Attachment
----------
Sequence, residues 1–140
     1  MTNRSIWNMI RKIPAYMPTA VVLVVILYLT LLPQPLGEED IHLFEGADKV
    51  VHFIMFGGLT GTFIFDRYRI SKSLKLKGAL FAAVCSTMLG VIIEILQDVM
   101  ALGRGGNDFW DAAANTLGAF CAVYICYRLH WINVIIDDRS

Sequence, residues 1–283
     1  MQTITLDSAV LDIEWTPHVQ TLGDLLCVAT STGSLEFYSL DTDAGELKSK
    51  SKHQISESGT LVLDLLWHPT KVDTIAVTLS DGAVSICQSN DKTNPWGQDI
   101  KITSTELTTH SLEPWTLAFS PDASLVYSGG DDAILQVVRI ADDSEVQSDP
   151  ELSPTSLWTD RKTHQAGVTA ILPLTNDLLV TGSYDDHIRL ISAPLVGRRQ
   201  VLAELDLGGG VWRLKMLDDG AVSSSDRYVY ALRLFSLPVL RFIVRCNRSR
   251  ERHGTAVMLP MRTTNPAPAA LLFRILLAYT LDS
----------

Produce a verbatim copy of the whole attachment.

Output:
Sequence, residues 1–140
     1  MTNRSIWNMI RKIPAYMPTA VVLVVILYLT LLPQPLGEED IHLFEGADKV
    51  VHFIMFGGLT GTFIFDRYRI SKSLKLKGAL FAAVCSTMLG VIIEILQDVM
   101  ALGRGGNDFW DAAANTLGAF CAVYICYRLH WINVIIDDRS

Sequence, residues 1–283
     1  MQTITLDSAV LDIEWTPHVQ TLGDLLCVAT STGSLEFYSL DTDAGELKSK
    51  SKHQISESGT LVLDLLWHPT KVDTIAVTLS DGAVSICQSN DKTNPWGQDI
   101  KITSTELTTH SLEPWTLAFS PDASLVYSGG DDAILQVVRI ADDSEVQSDP
   151  ELSPTSLWTD RKTHQAGVTA ILPLTNDLLV TGSYDDHIRL ISAPLVGRRQ
   201  VLAELDLGGG VWRLKMLDDG AVSSSDRYVY ALRLFSLPVL RFIVRCNRSR
   251  ERHGTAVMLP MRTTNPAPAA LLFRILLAYT LDS